When you think of a luxury watch, the first five brands that come to mind would surely include the Rolex brand. The name Rolex is one that is synonymous with luxury and excellence. This is one of the reasons why Rolex watches are said to be the most counterfeited watches of all time; I guess imitation, as they say, is the highest form of flattery. However, a majority of the counterfeits are identifiable by jewelers and watch enthusiasts. 

The brand, just like most famous watch brands today has had a distinctly profound impact on the watchmaking industry. Rolex is a brand that has infused itself in pop culture with many references to it in the entertainment industry.

The well-deserved reputation of Rolex as one of the popular watch brands today didn’t just happen by chance. A look at its history and innovations will confirm this fact.


The brand originated in 1905, with a young Hans Wilsdorf and his brother in law Alfred Davis. It was a London based company that focused on the distribution of timepieces. At that time, Wilsdorf and Davis were not manufacturing their own watches but rather fitted imported Hermann Aegler's Swiss movements, from Switzerland to England, in high-quality cases. These watches were sold to other jewelers, who then added their names and logos on the watches. These early watches from Wilsdorf and Davis were inscribed with the initials "W&D" inside the back case.

It wasn’t until 1908, that the name “Rolex” was registered by Wilsdorf; as the brand name of the watches from Wilsdorf and Davis, and opened an office in La Chaux-de-Fonds, Switzerland. 

There are numerous theories about the origin of the word Rolex, but a few things can be said to be true about the name. Wilsdorf wanted name short enough to fit easily on a dial, back case, and movements. Also, a name easily pronounceable in any language; Wilsdorf also thought Rolex sounded like a watch being wound. Essentially, the name was created out of nothing, it wasn’t a family name like most watches if the time, it’s just a word.

In 1910, Rolex received the Swiss Certificate of Chronometric Precision, making it the world’s first wristwatch to have such a certification. Two years later in 1914, Rolex watches were subjected to rigorous chronometric testing, and Rolex was awarded the Kew Observatory of Great Britain a Class A precision certificate; a distinction reserved solely for marine chronometer then. 


These certifications in no time made Rolex known for its unparalleled precision. Shortly, the company had its name changed to Rolex Watch Co. Ltd.

Due to the heavy post-war taxes of World War I, Wilsdorf had the company headquarters moved from London to Geneva, Switzerland, the renowned home of watchmaking. By 1920, the company’s name was officially changed to Montres Rolex S.A. and eventually to Rolex S.A. in the years to come.


In 1926, Rolex produced the first “Oyster” case; this was the world’s first waterproof and dustproof timepiece to be created. It features a hermetically sealed case making the watch airtight, just like an oyster shell. That point in Rolex’s history could be said to be the foundation of modern watchmaking.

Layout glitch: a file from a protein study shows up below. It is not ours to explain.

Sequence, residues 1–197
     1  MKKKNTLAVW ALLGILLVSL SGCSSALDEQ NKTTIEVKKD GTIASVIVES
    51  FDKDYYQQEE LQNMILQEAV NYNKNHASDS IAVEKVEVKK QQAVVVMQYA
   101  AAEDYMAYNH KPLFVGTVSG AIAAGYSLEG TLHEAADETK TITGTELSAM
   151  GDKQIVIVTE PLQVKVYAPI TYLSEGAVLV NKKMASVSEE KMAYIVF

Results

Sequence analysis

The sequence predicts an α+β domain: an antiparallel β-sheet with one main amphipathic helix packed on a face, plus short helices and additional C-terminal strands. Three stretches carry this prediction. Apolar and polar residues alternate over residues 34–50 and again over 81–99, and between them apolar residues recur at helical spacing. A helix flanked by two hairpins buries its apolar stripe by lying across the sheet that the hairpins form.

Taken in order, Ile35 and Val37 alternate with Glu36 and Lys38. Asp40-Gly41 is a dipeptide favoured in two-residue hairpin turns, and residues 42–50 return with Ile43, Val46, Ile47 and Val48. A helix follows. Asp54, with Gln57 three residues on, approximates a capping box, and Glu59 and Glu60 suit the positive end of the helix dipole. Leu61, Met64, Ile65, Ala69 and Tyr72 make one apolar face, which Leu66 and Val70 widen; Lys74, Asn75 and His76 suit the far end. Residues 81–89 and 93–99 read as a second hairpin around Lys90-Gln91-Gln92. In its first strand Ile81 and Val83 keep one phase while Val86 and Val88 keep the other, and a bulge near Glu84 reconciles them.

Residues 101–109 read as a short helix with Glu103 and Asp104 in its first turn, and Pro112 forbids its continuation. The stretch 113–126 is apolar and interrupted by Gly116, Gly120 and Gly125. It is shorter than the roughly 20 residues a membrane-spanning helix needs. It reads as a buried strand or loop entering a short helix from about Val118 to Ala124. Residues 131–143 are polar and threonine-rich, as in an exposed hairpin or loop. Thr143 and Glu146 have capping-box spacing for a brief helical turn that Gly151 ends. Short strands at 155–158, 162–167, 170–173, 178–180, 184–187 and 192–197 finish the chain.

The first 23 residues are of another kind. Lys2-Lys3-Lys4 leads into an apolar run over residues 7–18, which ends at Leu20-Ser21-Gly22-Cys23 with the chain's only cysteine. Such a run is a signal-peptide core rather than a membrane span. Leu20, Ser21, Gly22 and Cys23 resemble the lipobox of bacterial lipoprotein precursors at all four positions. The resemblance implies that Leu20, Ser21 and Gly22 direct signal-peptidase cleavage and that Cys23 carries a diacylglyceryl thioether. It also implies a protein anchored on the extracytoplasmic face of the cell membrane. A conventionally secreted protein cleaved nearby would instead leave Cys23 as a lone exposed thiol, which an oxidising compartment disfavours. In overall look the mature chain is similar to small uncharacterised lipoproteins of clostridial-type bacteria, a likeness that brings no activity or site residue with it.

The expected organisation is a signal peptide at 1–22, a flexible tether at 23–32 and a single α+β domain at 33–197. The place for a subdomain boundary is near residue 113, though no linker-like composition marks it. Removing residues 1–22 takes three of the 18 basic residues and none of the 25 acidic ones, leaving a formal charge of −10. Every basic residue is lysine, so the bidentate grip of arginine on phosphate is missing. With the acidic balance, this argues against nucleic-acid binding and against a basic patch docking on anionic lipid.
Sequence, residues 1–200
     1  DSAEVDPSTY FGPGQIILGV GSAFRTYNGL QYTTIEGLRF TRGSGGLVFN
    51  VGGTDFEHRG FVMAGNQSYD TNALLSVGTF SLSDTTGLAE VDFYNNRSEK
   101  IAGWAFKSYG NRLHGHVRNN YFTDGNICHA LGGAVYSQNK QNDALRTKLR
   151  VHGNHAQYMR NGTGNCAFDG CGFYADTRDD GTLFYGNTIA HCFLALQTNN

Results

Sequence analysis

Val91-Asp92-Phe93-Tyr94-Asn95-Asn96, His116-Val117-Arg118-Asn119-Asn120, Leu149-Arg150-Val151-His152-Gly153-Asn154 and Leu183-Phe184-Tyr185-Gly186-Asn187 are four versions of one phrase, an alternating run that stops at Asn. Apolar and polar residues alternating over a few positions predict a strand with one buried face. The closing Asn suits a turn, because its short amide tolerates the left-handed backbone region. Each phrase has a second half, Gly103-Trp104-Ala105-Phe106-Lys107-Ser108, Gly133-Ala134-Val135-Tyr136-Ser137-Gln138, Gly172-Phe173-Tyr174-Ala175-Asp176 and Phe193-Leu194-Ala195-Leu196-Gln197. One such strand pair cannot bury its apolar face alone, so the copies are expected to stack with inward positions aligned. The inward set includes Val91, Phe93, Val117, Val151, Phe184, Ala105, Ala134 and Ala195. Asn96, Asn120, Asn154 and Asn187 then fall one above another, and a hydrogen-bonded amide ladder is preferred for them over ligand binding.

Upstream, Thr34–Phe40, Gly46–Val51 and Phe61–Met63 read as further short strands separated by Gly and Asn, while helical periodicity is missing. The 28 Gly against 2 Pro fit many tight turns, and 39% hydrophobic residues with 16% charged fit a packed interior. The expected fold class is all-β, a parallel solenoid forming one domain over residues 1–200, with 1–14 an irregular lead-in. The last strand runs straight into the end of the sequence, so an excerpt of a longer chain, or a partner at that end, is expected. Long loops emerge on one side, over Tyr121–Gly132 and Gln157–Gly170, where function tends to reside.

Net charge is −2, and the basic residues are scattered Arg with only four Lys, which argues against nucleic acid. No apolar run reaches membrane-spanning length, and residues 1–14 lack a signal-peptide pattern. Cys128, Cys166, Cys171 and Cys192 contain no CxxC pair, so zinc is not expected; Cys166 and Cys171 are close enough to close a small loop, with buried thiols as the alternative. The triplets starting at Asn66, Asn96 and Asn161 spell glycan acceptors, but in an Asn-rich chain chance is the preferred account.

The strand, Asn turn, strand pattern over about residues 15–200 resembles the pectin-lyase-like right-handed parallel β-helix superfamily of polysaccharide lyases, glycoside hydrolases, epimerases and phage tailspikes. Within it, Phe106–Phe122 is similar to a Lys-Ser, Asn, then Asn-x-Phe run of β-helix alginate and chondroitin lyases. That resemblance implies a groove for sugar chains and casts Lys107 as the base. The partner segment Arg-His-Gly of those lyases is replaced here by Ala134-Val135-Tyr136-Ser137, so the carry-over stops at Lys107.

The Oyster case established its unparalleled water-resistance to the world in 1927 when Mercedes Gleitze wore an Oyster while crossing the English Channel. A swim that lasted over ten hours, with the Oyster case proving itself worthy by it staying airtight with the watch in perfect condition.

A few years after in 1931, Rolex made history in the watchmaking industry, with its ingenious innovation by inventing and patenting the world’s first self-winding mechanism with a perpetual rotor. Although there have been improvements and revisions over the years; this system would become the basis of all future automatic watches in the industry.


In 1945, Rolex introduced a self-winding chronometer watch with an automatically changing date on the dial, named the Datejust. This timepiece was revamped with the Jubilee bracelet, and soon this pairing became an iconic look, that would symbolize Rolex.


In the 1950s, Rolex began to focus on producing timepieces designed for specific professional activities. These watches were built to withstand the rigors of activities like deep-sea diving, aviation, or mountain climbing; that would simply destroy lesser timepieces. Each model was designed specifically for certain situations like the release of the Explorer line of watches and the Submariner line of dive watches in 1953.

In 1954, Rolex released the GMT-Master, which was capable of displaying multiple time zones making Rolex the go-to watch brand for pilots on transcontinental flights. Making it the companies first pilot watch.


 In 1956, Rolex continued with its reputation producing the world’s toughest timepieces, with the release Milgauss. Milgauss which is the world’s first anti-magnet watch, capable of withstanding extreme levels of electromagnetism up to 1,000 gausses.


In the same year, Rolex introduced the Day-Date line of watches; which displayed both the date and day of the week in full on the watch face. The Day-Date line was only available in 18-karat gold or solid platinum. Later on, Rolex designed the presidential bracelet solely for the Day-Date line of watches.



In light of the historical innovations and landmark achievements of the Rolex brand; it can be said the company has firmly established itself as one of the top tier watch manufacturers in the industry. Despite the brand's place as a luxury brand, Rolex to date adheres to its founding values high-quality, simplicity and ultra-durable watches.